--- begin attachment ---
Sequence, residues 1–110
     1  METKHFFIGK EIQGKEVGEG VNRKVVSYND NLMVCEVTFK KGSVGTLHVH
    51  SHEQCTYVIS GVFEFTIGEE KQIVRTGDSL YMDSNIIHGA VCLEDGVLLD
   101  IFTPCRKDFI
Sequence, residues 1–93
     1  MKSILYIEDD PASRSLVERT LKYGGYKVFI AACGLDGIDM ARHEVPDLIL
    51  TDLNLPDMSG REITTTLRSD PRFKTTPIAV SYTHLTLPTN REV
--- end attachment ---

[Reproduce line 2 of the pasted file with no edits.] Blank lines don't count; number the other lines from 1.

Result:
     1  METKHFFIGK EIQGKEVGEG VNRKVVSYND NLMVCEVTFK KGSVGTLHVH